Sunday, Dec. 16, 2018 | 2 a.m.
Ethical consumerism is rooted in the premise that consumers not only buy the products, but also the process used to produce it. It’s also called dollar voting—every dollar spent casts a vote affecting local and global issues. Consider this: Spending $10 on a fast-fashion brand whose garments are made in exploitative factories fiscally costs the same as $10 spent at a local thrift store, but the social, environmental and human costs of that purchase are worlds apart. Through ethical consumerism, dollar votes can add up to enormous change for the better.
Read the labels
Strolling through the grocery store, you’re bound to see symbols on everything from canned beans to shampoos. Below is a guide to the more popular labeling systems related to ethical consumerism and what they mean.
• Fair Trade USA Certified: This label indicates the product meets Fair Trade USA’s standards for transparency, environmental and employer practices, which “[include] safe conditions, protect the environment, build sustainable livelihoods and earn additional money to empower and uplift their communities,” according to the organization.
• USDA Organic: The United States Department of Agriculture certifies that produce and agricultural food are free of synthetic substances for crops and livestock production. usda.gov/topics/organic
• Leaping Bunny: Products with this label do not use animal testing in any stage of production. This symbol is often found on cosmetic, personal care and household items. leapingbunny.org
• Non-GMO: Meets standards set by the Non-GMO Project, which ensures the product does not include genetically modified organisms with genetic makeups altered in the laboratory via genetic engineering or transgenic technology. nongmoproject.org
• Certified B: Businesses that meet social and environmental standards set by the nonprofit B Lab commit to make a positive change in the world through their treatment of workers and environmental practices that balance profit and purpose. bcorporation.net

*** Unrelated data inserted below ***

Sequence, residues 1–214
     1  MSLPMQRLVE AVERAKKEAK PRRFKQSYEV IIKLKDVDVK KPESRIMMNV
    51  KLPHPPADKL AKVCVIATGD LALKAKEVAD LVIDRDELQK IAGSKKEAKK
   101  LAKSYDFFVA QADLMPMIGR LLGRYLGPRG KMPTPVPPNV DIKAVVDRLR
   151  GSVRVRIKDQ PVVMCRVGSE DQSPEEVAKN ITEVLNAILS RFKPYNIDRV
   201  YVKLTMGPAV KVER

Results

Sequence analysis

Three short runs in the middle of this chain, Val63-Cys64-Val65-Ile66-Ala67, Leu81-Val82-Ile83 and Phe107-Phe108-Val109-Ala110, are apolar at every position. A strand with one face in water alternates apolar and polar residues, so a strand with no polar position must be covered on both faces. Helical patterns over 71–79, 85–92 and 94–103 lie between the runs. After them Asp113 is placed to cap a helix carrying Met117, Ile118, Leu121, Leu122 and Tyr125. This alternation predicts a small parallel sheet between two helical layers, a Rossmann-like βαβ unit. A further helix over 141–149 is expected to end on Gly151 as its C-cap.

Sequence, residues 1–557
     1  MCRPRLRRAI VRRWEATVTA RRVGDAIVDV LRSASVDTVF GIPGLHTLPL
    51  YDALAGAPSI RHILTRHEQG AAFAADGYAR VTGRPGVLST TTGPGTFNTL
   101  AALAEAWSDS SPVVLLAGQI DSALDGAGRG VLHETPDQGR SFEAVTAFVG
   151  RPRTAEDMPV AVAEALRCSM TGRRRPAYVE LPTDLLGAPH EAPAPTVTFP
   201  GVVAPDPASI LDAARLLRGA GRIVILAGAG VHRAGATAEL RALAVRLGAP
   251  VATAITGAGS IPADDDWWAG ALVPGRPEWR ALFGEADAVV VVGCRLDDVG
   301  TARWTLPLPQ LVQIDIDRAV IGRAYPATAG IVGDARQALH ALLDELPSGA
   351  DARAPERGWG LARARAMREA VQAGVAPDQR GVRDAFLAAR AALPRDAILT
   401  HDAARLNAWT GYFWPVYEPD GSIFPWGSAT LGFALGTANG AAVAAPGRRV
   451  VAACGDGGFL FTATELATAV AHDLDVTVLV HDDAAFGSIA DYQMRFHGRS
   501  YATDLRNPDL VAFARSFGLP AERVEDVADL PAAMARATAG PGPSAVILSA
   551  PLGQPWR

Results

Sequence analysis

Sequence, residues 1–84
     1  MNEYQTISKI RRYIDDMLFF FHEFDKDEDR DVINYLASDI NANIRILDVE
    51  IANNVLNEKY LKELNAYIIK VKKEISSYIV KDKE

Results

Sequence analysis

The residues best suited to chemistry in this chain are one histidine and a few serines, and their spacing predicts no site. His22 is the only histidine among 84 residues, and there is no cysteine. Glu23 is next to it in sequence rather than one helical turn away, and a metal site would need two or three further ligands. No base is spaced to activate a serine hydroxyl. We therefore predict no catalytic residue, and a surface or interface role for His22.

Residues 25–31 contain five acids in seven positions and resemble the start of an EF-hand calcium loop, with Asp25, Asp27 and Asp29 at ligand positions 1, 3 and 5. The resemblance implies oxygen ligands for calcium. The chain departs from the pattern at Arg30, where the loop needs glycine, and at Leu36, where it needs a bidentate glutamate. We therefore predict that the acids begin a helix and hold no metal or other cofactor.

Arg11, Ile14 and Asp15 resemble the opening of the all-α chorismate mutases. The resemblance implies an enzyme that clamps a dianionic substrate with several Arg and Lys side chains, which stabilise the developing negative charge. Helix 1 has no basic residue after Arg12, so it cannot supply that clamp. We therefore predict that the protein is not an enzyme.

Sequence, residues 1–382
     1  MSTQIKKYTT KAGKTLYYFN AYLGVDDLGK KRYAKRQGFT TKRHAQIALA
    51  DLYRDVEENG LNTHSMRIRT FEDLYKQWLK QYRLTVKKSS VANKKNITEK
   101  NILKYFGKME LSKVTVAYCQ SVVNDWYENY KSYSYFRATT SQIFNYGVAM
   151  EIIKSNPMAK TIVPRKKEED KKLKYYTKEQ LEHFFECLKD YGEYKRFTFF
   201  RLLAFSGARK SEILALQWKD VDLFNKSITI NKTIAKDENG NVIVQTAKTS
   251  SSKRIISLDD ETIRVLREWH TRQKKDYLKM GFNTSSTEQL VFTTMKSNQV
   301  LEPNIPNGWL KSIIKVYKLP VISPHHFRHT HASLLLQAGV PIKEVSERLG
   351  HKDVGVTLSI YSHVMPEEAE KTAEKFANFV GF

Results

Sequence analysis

• Certified Vegan: Goods certified through the Vegan Awareness Foundation do not contain animal products or byproducts and have not been tested on animals. vegan.org
• Rainforest Alliance Certified/Verified: Products with this label use ingredients sourced from farms that meet the organization’s standards for social, economic and environmental sustainability. Standards include biodiversity conservation, improving the livelihoods of people, natural resource conservation and effective farm management systems.
Ethical consumerism requires shoppers to shift their mindset in two fundamental ways. First, a consumer must view goods as objects with a history, part of a series of ethical and unethical production processes. Second, a consumer must believe that consumption is a political choice that can have larger societal effects. Next, consider the following:
Identify your values and buy from companies that align with them.
• Are you all about recycling?
• Against animal testing?
• For small businesses?
• For women-led businesses?
• For fair wages?
List your values. There’s no limit to how many different causes you can support with your dollar votes.
Research how a business operates and consider these things
Small business or large? Large businesses may have a big footprint, but many still make an effort to operate consciously. For example, Lush, a cosmetic store, offers thousands of beauty products not tested on animals, and it practices fair labor laws. Additionally, it works to source rare ingredients in an environmentally beneficial way. lushusa.com.